Having the ability to differentiate between types of losses is important to understanding the types of events that could impact an organization and can be done using a multi-model approach. These different types of cyber events can then cause different types of losses, which can be broken down as follows:
These losses are from events that tend to have a high frequency of occurrence but low severity in terms of financial damage.
These losses might only affect one specific company due to a targeted attack and will lead to a substantial loss. These losses tend to have a low frequency of occurrence but high severity in terms of financial damage.
These losses are from systemic events that tend to have a low frequency of occurrence but high, widespread severity in terms of financial damage.
As companies begin to understand the types of cyber events that may pose a risk to them and the losses that these events are typically associated with, they can then start their cyber risk quantification.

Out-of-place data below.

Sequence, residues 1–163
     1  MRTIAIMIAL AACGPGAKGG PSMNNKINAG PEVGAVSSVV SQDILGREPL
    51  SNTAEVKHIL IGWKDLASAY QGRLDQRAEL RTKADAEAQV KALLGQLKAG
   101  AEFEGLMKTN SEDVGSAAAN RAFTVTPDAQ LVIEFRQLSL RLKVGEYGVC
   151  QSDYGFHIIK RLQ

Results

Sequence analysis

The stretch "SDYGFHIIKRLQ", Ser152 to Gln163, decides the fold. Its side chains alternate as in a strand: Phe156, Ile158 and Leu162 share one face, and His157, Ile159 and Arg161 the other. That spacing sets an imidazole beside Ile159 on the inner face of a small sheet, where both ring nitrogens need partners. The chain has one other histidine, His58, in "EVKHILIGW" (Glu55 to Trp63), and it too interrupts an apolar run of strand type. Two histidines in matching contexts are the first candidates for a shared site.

To specifically come up with a dollar value for cyber risk quantification, enterprises need to source and analyze the data from each side of the golden triangle of cyber risk quantification.
From there, companies need to bring all this information together to understand the types of cyber events they might face and how that may translate into monetary impact. This includes mapping the cost components of different events to understand the different types of financial impacts that may occur.
For example, a cyber event that causes business interruption can have expenses in areas such as public relations to minimize the reputational damage that can occur, as well as lost revenue from not being able
to operate the business as usual during this period of interruption.Understanding these different cost drivers is necessary to gain a full understanding of a company’s exposure, as well as to then determine a cost allocation per event by modeling the impact that a specific type of event is likely to have on an organization.